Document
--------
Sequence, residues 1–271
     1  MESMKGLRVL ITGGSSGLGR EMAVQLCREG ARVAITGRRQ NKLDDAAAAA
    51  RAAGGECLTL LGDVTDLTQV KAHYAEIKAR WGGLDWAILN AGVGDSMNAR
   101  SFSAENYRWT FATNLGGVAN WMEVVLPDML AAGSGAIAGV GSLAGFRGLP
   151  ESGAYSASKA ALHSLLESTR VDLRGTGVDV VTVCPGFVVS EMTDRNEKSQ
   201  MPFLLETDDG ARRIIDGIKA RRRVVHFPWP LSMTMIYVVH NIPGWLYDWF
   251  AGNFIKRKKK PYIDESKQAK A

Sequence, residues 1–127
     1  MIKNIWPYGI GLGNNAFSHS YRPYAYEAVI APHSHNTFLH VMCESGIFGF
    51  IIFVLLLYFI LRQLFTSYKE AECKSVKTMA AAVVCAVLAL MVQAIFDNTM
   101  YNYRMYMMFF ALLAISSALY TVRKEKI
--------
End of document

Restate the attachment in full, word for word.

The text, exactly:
Sequence, residues 1–271
     1  MESMKGLRVL ITGGSSGLGR EMAVQLCREG ARVAITGRRQ NKLDDAAAAA
    51  RAAGGECLTL LGDVTDLTQV KAHYAEIKAR WGGLDWAILN AGVGDSMNAR
   101  SFSAENYRWT FATNLGGVAN WMEVVLPDML AAGSGAIAGV GSLAGFRGLP
   151  ESGAYSASKA ALHSLLESTR VDLRGTGVDV VTVCPGFVVS EMTDRNEKSQ
   201  MPFLLETDDG ARRIIDGIKA RRRVVHFPWP LSMTMIYVVH NIPGWLYDWF
   251  AGNFIKRKKK PYIDESKQAK A

Sequence, residues 1–127
     1  MIKNIWPYGI GLGNNAFSHS YRPYAYEAVI APHSHNTFLH VMCESGIFGF
    51  IIFVLLLYFI LRQLFTSYKE AECKSVKTMA AAVVCAVLAL MVQAIFDNTM
   101  YNYRMYMMFF ALLAISSALY TVRKEKI